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Commentary: Tea Party fits into American tradition

This article first appeared in the St. Louis Beacon, May 24, 2010 - Tea Party adherents strongly believe in minimal government, minimal taxation and individual liberty. Although some Tea people were appalled at the behavior of financial institutions that led to the Great Recession, they criticized the role of government in trying to ameliorate the damage. The Tea Party tenets have been widely shared — although not always dominant — throughout the history of our republic.

Our form of government was designed to prevent either the tyranny of the few or of the many. Checks and balances and separation of powers correlate with limited government. Federalism also diffuses power.

Our nation was born out of rebellion against a colonial power. It did not evolve over the centuries as European democracies have. European beginnings in absolute monarchy permitted political cultures more comfortable with strong governments, and their political systems frequently offered less possibility of fragmentation.

Americans railed against tyranny from day one and idealized the frontiersman, acting alone to carve out a home in the wilderness. Later many revered the person who could rise from humble beginnings to become a business tycoon. Although populists and some Progressives fought the power of the trusts more than 100 years ago, they only achieved a limited victory. In Europe, the landed gentry reigned for centuries and considered commercial and industrial occupations to be coarse and not part of the elite. Entrepreneurs there did not occupy quite the same position they have in the United States.

What we seem to forget is that people, whether part of government or the private sector, are all motivated to one degree or another by self-interest.

In government, the goal of elected officials is re-election while bureaucrats want the programs they administer to continue amid comfort and stability. Those in the private sector want to make a profit.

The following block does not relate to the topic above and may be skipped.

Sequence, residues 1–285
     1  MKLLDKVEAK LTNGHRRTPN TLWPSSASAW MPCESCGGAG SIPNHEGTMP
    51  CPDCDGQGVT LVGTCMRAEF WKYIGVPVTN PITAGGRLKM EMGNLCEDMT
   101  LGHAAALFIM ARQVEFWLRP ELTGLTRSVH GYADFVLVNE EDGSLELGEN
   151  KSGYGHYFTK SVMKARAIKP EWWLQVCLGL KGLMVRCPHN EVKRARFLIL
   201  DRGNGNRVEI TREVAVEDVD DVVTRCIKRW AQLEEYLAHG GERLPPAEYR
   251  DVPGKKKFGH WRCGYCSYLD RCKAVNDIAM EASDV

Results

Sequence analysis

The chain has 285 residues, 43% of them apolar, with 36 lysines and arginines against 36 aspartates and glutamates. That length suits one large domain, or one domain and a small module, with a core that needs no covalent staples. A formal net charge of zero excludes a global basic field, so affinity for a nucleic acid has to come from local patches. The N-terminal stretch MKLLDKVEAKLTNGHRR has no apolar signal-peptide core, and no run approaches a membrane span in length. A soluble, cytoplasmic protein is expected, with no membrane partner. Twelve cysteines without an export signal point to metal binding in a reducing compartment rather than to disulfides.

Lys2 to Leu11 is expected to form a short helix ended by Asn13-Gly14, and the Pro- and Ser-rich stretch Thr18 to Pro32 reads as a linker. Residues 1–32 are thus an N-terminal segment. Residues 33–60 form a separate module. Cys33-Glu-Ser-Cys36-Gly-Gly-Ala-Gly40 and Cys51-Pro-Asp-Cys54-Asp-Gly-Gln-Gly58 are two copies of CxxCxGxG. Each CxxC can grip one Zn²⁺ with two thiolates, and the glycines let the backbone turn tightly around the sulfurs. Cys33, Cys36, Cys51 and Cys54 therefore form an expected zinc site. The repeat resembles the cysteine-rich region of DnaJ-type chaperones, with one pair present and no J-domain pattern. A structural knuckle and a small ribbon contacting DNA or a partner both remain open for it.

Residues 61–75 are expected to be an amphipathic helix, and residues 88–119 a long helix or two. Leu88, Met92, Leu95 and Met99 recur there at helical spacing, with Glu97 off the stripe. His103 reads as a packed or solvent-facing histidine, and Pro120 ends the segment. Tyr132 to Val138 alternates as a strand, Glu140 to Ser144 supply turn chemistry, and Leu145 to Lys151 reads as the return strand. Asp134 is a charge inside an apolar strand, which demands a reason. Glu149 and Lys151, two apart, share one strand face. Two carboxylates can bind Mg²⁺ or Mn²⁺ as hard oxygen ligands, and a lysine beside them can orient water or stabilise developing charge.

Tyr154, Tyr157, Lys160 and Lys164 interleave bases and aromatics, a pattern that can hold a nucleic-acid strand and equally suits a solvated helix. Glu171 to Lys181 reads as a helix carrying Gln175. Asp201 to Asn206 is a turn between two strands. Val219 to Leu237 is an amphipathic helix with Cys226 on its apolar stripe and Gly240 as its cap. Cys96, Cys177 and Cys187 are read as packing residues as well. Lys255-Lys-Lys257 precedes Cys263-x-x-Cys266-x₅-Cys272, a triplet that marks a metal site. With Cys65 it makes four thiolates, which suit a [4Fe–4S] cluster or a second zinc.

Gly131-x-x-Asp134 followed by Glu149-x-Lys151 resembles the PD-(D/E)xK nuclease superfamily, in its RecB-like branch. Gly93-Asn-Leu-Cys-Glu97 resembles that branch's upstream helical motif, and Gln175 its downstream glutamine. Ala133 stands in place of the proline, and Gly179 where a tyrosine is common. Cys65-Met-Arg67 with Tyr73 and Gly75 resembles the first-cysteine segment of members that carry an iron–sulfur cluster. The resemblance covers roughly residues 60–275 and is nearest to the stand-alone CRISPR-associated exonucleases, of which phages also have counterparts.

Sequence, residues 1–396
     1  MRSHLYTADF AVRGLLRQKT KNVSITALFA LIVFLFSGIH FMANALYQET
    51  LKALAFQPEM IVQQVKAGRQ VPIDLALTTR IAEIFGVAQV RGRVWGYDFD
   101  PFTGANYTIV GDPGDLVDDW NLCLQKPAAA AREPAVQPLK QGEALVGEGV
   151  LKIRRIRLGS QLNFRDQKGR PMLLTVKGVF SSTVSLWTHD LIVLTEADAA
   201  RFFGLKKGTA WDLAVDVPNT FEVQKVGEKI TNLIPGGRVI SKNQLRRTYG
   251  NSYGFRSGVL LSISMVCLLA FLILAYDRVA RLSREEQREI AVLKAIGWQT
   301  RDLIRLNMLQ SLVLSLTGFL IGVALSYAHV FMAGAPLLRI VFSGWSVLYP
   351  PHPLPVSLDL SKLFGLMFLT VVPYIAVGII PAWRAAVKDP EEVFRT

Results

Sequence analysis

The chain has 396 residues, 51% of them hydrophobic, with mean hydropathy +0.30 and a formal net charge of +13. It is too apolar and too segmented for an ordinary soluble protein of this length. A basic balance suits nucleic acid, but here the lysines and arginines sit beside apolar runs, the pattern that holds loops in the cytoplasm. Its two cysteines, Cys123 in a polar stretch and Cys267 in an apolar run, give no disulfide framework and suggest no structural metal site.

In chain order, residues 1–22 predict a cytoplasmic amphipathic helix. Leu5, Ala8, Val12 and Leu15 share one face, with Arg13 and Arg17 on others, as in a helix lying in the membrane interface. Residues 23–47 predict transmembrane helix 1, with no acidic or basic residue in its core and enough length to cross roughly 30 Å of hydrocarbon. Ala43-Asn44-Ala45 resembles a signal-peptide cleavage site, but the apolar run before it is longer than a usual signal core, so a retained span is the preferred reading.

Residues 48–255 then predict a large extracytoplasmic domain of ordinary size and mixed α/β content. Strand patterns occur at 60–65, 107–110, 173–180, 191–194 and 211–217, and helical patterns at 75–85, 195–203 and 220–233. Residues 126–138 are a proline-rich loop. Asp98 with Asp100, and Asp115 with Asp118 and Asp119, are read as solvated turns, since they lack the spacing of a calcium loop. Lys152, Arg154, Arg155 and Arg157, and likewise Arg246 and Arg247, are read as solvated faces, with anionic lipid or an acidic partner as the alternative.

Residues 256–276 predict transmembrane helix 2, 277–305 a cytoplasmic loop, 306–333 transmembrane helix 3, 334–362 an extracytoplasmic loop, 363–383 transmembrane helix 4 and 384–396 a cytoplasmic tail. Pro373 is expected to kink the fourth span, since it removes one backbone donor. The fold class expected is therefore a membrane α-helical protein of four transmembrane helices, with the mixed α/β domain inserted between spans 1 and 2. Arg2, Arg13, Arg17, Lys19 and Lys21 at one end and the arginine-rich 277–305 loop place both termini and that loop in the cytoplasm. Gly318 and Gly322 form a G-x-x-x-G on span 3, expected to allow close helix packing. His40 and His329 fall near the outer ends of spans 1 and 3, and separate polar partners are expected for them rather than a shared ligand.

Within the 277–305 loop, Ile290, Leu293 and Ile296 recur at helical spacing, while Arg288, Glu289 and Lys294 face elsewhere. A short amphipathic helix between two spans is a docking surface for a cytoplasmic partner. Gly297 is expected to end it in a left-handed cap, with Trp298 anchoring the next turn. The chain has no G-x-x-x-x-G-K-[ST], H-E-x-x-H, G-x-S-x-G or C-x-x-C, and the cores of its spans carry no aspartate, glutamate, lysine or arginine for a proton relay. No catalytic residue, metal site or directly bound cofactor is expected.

Writing in the 1960s, John Kenneth Galbraith described corporations that wanted to maintain their profit level and market share, not necessarily maximize them. By 1990, that had changed. Mergers, divestitures and the growth of multinationals led to the hypermobility of capital and profit maximization. Stock price, not the quality of a product, was the means of evaluation. Deregulation became a goal of Democrats and Republicans alike.

A plant closing bill was adopted that required businesses to provide two months notice of closing to their employees. A number of opponents fought it as an impediment to the free market. Since corporations focus on the pursuit of profit, does that also inculcate a sense of responsibility to community or country? Not necessarily.

Political scientists would say that government comes into play to address those issues the market cannot and will not in order to protect the general public and help those with the least. For example, Hooker Chemical and many other firms polluted land and groundwater over the years. Congress created the Environmental Protection Agency to remediate such pollution and prevent its future occurrence. Would companies have acted on their own?

Government at any level carries its own sets of problems. Agencies and their staff are self-interested. They may be inefficient or unaccountable or even both. Politicians certainly exhibit self-interest. This is true anywhere. Institutions and their rules affect behavior. The United States has weak political parties. Basically candidates run on their own and raise their own campaign funds. Interest groups and corporations support candidates, hoping they will cast friendly votes if elected. Elected officials can put pressure on agencies to favor certain interests.

The United States is exceptional in that it has extended greater rights to corporations than other democracies. In the latter half of the 19th century, U.S. Supreme Court decisions extended the protections of the 14th Amendment to business, giving them the rights of individual citizens. Ironically, that amendment was meant to extend liberty to the newly freed slaves. In 2009, the Supreme Court, on a 5-to-4 vote, applied freedom of speech to corporate political campaign giving.

All too often we deal in stereotypes. We see tycoons as hard-working and creative, from Vanderbilt to Gates. They become heroes. Excesses are often overlooked.

On the hand, politicians are seen as corrupt and bureaucrats as purveyors of red tape and either lazy or power hungry.

These stereotypes play into the periodic movements for limiting government’s size and mission. The recent severe economic turmoil and government’s attempts to preserve the financial system and stimulate growth led to the Tea Party.

Government is blamed. It is treading on me.

It will be interesting to see who receives blame for the tragic oil spill in the Gulf: BP, Halliburton or government agencies. The private and the public sector each have pluses and minuses. Americans have habitually seen the pluses of one and the minuses of the other. Taxes are anathema but the hidden costs of private enterprise are overlooked.

Lana Stein is a professor emerita of political science at the University of Missouri at St. Louis. 

Lana Stein is emeritus professor of political science at the University of Missouri-St. Louis. She is the author of several books and journal articles about urban politics, political behavior and bureaucracy.